fighting spam and scams on the Internet
"419" Scam – Advance Fee / Fake Lottery Scam
The so-called "419" scam is a type of fraud dominated by criminals from Nigeria and other countries in Africa. Victims of the scam are promised a large amount of money, such as a lottery prize, inheritance, money sitting in some bank account, etc.
Victims never receive this non-existent fortune but are tricked into sending their money to the criminals, who remain anonymous. They hide their real identity and location by using fake names and fake postal addresses as well as communicating via anonymous free email accounts and mobile phones.
Keep in mind that scammers DO NOT use their real names when defrauding people.
The criminals either abuse names of real people or companies or invent names or addresses.
Any real people or companies mentioned below have NO CONNECTION to the scammers!
Read more about such scams here or in our 419 FAQ. Use the Scam-O-Matic to verify suspect emails.
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Some comments by the Scam-O-Matic about the following email:
- This email uses a separate reply address that is different from the sender address. Spammers use this to get replies even when the original spam sending accounts have been shut down. Also, sometimes the sender addresses are legitimate looking but fake and only the reply address is actually an email account controlled by the scammers.
- The following phrases in this message should put you on alert:
- "dear friend" (a common phrase found in 419 scams)
- "please indicate your interest" (a common phrase found in 419 scams)
- "utmost confidentiality" (scammers urge victims to keep the transaction secret because they don't want anyone to point out to them that it is a scam)
- "there is no risk involved" (almost true for the criminal trying to scam you - arrests of online criminals are rare)
- "nigeria national petroleum corporation" (the name of a person or institution often appearing in 419 scams)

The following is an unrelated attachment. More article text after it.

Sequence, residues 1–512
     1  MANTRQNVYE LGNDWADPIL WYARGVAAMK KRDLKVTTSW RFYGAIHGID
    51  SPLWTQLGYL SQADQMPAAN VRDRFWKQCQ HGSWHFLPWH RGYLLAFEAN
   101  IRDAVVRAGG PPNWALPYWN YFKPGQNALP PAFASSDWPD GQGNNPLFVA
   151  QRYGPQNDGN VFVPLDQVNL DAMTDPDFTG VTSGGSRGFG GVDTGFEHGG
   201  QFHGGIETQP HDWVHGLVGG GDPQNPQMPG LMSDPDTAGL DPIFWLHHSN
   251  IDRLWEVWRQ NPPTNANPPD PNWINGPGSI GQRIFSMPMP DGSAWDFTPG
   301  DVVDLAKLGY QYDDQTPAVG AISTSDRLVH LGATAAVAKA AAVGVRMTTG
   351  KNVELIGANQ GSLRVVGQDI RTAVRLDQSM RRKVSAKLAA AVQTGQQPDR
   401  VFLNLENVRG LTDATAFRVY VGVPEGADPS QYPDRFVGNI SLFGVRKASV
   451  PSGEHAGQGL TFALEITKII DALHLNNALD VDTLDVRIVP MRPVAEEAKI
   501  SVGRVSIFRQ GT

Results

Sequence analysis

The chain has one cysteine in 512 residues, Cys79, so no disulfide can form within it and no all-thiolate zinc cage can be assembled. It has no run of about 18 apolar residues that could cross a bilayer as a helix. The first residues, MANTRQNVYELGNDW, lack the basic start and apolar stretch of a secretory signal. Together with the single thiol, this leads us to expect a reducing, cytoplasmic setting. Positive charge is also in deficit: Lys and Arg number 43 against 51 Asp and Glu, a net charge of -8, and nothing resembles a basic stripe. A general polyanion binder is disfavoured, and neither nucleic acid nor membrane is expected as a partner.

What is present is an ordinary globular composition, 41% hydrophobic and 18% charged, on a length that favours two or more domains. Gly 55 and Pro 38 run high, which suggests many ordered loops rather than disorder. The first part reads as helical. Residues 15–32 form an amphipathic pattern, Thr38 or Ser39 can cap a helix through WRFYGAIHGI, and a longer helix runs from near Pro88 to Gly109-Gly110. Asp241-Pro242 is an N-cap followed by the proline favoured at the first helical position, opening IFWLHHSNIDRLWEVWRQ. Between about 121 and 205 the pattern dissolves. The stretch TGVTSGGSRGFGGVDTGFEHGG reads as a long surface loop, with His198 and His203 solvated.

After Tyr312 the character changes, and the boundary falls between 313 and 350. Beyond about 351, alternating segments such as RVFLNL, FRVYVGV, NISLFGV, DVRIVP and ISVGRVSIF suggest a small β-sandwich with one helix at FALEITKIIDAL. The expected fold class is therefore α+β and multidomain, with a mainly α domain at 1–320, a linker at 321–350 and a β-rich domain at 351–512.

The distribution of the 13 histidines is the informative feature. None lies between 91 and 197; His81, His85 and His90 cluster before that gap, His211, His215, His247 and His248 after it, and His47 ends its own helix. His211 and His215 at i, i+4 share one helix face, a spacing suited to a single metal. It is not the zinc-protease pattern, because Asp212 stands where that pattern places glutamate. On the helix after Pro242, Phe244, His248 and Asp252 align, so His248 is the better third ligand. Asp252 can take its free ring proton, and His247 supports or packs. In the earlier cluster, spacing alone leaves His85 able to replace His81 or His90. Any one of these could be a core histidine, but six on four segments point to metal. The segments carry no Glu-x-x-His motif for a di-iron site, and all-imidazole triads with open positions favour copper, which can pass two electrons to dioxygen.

- "lagos" (a location commonly mentioned in 419 scams)
- This email message is a 419 scam. Please see our 419 FAQ for more details on such scams.
Fraud email example:
From: "Mr.David Okoh." <firstname.lastname@example.org> (may be fake)
Date: Tue, 4 May 2010 09:14:46 +0100 (BST)
Subject: From: Mr.David Okoh
From: Mr.David Okoh
Nigeria National Petroleum Corporation, (NNPC)
49 Road Close A House 14,
Dolphin Estate, Ikoyi,
I am sorry for contacting you through this medium without any privious
notice. I am a senior staff with Nigeria National Petroleum Corporation,
(NNPC). My colleagues and I intentionally over-invoiced a contract award
to the tune of $25m. All arrangements have been concluded on how to
transfer this fund into a safe foreign account after the original
contractor has been fully paid. By virtue of our civil service code of
conduct, serving officers are not allowed to operate foreign bank
This is why I am seeking for your mutual involvement to work with me in
getting the over-invoiced sum (US$25m) transfered into your foreign bank
account for our benefit. Please indicate your interest via email hence
other modalities will be discussed. There is no risk involved and the fund
approval will have a full legal backup.
Please treat with utmost confidentiality.